As has been discussed, a gas enclosed by a piston in a cylinder can do work on the piston, the work being the pressure multiplied by the change in volume. If the volume doesn't change, no work is done. If the pressure stays constant while the volume changes, the work done is easy to calculate. On the other hand, if pressure and volume are both changing it's somewhat harder to calculate the work done.

As an aid in calculating the work done, it's a good idea to draw a pressure-volume graph (with pressure on the y axis and volume on the x-axis). If a system moves from one point on the graph to another and a line is drawn to connect the points, the work done is the area underneath this line. We'll go through some different thermodynamic processes and see how this works.

Types of thermodynamic processes

There are a number of different thermodynamic processes that can change the pressure and/or the volume and/or the temperature of a system. To simplify matters, consider what happens when something is kept constant. The different processes are then categorized as follows :

  1. Isobaric - the pressure is kept constant. An example of an isobaric system is a gas, being slowly heated or cooled, confined by a piston in a cylinder. The work done by the system in an isobaric process is simply the pressure multiplied by the change in volume, and the P-V graph looks like:

  2. Isochoric - the volume is kept constant. An example of this system is a gas in a box with fixed walls. The work done is zero in an isochoric process, and the P-V graph looks like:

  3. Isothermal - the temperature is kept constant. A gas confined by a piston in a cylinder is again an example of this, only this time the gas is not heated or cooled, but the piston is slowly moved so that the gas expands or is compressed. The temperature is maintained at a constant value by putting the system in contact with a constant-temperature reservoir (the thermodynamic definition of a reservoir is something large enough that it can transfer heat into or out of a system without changing temperature).

    If the volume increases while the temperature is constant, the pressure must decrease, and if the volume decreases the pressure must increase.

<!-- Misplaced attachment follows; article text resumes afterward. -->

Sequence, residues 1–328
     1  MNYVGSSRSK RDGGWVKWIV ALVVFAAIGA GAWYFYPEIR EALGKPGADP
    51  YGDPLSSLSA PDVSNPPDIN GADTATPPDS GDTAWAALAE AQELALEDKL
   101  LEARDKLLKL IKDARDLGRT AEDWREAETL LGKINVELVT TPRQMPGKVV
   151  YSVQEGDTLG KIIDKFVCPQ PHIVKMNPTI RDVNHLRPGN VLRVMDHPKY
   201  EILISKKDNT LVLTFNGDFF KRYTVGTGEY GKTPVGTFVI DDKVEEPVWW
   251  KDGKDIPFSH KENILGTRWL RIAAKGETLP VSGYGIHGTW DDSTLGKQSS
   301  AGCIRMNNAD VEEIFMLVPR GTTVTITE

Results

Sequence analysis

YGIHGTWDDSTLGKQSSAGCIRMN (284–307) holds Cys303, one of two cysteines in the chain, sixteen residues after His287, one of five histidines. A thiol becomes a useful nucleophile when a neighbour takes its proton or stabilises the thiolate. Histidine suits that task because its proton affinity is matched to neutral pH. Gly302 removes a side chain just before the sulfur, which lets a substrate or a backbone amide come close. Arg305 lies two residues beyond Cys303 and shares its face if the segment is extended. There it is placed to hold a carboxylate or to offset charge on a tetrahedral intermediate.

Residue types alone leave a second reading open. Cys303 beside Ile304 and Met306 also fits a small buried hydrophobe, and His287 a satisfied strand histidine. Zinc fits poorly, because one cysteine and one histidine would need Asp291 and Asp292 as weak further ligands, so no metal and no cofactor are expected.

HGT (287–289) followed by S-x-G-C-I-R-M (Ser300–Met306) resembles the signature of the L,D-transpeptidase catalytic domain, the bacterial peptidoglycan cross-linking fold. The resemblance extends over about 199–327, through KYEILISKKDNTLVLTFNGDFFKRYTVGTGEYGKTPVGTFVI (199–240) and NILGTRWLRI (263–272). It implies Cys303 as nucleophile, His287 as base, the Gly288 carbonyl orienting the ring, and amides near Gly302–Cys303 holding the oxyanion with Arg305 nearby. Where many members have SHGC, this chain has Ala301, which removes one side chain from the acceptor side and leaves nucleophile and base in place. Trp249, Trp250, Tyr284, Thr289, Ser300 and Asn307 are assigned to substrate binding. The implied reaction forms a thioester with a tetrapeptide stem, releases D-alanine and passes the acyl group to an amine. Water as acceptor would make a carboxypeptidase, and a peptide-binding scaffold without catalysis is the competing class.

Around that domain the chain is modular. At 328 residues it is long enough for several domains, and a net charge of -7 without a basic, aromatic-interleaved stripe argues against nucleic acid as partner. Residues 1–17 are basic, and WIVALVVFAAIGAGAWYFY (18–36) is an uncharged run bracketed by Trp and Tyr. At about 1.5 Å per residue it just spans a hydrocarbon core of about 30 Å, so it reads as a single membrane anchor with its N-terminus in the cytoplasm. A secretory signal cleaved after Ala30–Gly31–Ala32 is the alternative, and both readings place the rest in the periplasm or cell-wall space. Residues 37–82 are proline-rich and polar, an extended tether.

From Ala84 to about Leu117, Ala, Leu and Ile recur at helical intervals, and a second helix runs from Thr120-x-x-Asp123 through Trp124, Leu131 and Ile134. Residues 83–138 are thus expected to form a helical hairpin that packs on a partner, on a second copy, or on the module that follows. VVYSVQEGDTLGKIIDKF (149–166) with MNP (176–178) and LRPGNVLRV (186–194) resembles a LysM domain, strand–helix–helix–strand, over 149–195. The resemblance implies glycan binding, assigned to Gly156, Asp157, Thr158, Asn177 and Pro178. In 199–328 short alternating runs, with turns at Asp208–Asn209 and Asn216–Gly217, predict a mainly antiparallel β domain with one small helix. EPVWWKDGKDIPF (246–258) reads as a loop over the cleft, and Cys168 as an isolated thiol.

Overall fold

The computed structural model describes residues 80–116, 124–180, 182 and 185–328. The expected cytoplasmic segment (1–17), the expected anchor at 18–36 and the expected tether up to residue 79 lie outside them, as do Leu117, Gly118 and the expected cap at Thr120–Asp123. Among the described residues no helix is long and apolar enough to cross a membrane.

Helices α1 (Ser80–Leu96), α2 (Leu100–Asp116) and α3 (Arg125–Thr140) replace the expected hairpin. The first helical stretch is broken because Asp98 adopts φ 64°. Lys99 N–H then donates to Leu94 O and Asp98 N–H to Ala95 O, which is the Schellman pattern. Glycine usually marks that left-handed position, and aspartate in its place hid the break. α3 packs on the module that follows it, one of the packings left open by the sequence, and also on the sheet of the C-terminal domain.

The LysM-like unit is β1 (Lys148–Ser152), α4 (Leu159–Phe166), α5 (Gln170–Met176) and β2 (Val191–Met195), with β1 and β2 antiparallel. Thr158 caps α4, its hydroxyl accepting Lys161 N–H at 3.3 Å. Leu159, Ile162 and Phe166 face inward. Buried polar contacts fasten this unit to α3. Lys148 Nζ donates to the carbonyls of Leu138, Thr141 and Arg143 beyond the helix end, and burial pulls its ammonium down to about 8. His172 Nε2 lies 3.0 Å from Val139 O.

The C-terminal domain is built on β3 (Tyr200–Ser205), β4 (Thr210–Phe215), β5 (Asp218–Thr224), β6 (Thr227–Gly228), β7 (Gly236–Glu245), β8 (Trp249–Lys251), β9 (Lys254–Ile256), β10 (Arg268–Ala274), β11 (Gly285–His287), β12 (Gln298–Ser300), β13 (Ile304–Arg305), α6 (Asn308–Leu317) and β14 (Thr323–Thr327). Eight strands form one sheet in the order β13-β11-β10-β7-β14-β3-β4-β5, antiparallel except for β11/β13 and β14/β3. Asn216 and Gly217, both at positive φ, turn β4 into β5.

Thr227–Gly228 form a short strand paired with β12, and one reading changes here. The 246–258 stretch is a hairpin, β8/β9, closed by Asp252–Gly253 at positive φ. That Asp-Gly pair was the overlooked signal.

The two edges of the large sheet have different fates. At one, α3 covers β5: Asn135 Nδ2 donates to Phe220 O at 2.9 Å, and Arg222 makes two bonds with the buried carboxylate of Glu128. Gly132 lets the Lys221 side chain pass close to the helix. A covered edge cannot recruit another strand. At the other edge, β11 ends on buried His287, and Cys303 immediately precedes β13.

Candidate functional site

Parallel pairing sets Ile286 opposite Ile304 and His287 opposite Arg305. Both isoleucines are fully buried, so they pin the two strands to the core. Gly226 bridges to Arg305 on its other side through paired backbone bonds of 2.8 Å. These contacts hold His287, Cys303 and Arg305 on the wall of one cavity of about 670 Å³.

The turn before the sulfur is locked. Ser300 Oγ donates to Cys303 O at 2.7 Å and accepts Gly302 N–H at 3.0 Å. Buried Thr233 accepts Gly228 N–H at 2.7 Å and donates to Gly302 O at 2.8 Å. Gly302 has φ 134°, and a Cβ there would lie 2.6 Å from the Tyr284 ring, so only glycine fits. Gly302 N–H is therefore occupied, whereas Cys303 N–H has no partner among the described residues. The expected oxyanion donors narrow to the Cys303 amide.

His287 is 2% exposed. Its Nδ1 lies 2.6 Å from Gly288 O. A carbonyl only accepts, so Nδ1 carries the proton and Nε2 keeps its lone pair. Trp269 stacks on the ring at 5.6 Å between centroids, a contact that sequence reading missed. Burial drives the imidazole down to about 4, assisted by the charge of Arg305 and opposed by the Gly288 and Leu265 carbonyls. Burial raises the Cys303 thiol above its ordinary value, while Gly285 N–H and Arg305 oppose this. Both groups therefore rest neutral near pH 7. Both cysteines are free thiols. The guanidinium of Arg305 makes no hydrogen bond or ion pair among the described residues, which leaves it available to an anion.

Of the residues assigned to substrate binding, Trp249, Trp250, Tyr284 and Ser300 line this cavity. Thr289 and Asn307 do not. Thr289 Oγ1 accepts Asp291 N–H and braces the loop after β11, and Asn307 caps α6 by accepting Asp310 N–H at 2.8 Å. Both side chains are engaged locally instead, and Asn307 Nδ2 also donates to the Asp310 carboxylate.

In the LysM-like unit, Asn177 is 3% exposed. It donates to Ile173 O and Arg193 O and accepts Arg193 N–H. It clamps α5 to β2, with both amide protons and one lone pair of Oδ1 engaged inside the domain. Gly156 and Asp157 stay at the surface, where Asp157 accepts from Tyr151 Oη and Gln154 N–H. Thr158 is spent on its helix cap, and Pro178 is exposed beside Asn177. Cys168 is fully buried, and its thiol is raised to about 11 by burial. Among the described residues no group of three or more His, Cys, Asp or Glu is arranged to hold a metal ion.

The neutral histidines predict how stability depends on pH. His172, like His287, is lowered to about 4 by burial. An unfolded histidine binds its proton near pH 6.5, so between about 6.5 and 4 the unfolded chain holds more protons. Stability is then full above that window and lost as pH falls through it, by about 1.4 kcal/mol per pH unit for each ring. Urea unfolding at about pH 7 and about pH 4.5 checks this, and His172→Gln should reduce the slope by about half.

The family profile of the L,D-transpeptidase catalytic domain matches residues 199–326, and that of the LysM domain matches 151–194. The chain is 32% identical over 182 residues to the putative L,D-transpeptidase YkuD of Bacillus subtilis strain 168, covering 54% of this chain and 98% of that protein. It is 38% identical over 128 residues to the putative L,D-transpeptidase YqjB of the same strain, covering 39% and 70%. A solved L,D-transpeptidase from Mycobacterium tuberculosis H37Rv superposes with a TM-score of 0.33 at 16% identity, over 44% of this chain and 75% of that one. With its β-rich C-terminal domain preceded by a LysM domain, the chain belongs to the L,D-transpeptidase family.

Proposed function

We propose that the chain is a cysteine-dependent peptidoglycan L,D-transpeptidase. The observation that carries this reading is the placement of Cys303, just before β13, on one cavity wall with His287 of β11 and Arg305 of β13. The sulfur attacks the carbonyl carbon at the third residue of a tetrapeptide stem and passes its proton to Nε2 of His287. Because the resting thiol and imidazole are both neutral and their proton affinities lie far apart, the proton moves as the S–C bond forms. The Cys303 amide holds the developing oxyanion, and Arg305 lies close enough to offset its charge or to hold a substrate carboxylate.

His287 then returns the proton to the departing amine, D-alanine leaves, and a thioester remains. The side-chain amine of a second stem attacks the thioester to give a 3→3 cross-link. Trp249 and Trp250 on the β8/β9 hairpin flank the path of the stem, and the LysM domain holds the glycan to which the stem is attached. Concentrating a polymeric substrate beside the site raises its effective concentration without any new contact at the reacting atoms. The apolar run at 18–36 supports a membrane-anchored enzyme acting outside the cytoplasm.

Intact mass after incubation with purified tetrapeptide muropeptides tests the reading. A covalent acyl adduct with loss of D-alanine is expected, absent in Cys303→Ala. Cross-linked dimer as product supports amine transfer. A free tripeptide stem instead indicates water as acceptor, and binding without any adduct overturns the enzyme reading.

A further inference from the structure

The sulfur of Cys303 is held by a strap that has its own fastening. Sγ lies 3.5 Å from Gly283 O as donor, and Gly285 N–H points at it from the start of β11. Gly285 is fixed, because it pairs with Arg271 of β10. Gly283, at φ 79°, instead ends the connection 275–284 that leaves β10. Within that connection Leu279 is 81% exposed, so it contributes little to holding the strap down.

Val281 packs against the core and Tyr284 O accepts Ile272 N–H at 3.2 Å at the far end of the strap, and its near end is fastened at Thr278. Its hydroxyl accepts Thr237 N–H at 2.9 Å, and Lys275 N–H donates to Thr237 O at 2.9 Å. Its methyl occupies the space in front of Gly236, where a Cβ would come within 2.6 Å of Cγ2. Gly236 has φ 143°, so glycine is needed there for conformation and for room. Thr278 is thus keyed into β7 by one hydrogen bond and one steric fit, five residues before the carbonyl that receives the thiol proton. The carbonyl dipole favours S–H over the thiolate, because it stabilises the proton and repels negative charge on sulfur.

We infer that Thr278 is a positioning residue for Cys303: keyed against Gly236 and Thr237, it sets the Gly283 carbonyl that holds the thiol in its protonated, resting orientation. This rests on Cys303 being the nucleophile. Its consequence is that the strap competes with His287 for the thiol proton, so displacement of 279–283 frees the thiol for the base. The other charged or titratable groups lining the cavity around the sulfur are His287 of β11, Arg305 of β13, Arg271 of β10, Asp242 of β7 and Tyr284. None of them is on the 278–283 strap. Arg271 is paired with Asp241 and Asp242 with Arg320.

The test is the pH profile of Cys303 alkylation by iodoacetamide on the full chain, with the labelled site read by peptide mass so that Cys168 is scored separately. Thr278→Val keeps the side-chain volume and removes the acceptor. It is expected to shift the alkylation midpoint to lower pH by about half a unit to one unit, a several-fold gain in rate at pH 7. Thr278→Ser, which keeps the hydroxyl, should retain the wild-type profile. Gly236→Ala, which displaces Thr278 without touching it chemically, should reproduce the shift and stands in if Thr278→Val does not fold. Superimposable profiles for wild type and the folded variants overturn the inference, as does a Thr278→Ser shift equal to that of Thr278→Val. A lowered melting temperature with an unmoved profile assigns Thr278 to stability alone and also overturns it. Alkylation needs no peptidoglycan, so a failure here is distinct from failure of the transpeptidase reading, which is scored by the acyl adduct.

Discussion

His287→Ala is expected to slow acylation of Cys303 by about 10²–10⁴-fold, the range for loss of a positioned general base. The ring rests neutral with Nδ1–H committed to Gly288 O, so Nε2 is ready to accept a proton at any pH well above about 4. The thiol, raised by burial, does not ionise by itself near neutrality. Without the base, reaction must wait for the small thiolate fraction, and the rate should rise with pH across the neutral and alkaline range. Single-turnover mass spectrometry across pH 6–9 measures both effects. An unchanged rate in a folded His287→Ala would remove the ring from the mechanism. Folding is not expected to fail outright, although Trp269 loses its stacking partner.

4. Adiabatic - in an adiabatic process, no heat is added or removed from the system.

The isothermal and adiabatic processes should be examined in a little more detail.

Isothermal processes

In an isothermal process, the temperature stays constant, so the pressure and volume are inversely proportional to one another. The P-V graph for an isothermal process looks like this:

The work done by the system is still the area under the P-V curve, but because this is not a straight line the calculation is a little tricky, and really can only properly be done using calculus.

The internal energy of an ideal gas is proportional to the temperature, so if the temperature is kept fixed the internal energy does not change. The first law, which deals with changes in the internal energy, thus becomes 0 = Q - W, so Q = W. If the system does work, the energy comes from heat flowing into the system from the reservoir; if work is done on the system, heat flows out of the system to the reservoir.

Adiabatic processes

In an adiabatic process, no heat is added or removed from a system. The first law of thermodynamics is thus reduced to saying that the change in the internal energy of a system undergoing an adiabatic change is equal to -W. Since the internal energy is directly proportional to temperature, the work becomes:

An example of an adiabatic process is a gas expanding so quickly that no heat can be transferred. The expansion does work, and the temperature drops. This is exactly what happens with a carbon dioxide fire extinguisher, with the gas coming out at high pressure and cooling as it expands at atmospheric pressure.

Specific heat capacity of an ideal gas

With liquids and solids that are changing temperature, the heat associated with a temperature change is given by the equation:

A similar equation holds for an ideal gas, only instead of writing the equation in terms of the mass of the gas it is written in terms of the number of moles of gas, and use a capital C for the heat capacity, with units of J / (mol K):

For an ideal gas, the heat capacity depends on what kind of thermodynamic process the gas is experiencing. Generally, two different heat capacities are stated for a gas, the heat capacity at constant pressure (Cp) and the heat capacity at constant volume (Cv). The value at constant pressure is larger than the value at constant volume because at constant pressure not all of the heat goes into changing the temperature; some goes into doing work. On the other hand, at constant volume no work is done, so all the heat goes into changing the temperature. In other words, it takes less heat to produce a given temperature change at constant volume than it does at constant pressure, so Cv < Cp.

That's a qualitative statement about the two different heat capacities, but it's very easy to examine them quantitatively. The first law says:

We also know that PV = nRT, and at constant pressure the work done is:

Note that this applies for a monatomic ideal gas. For all gases, though, the following is true:

Another important number is the ratio of the two specific heats, represented by the Greek letter gamma (g). For a monatomic ideal gas this ratio is: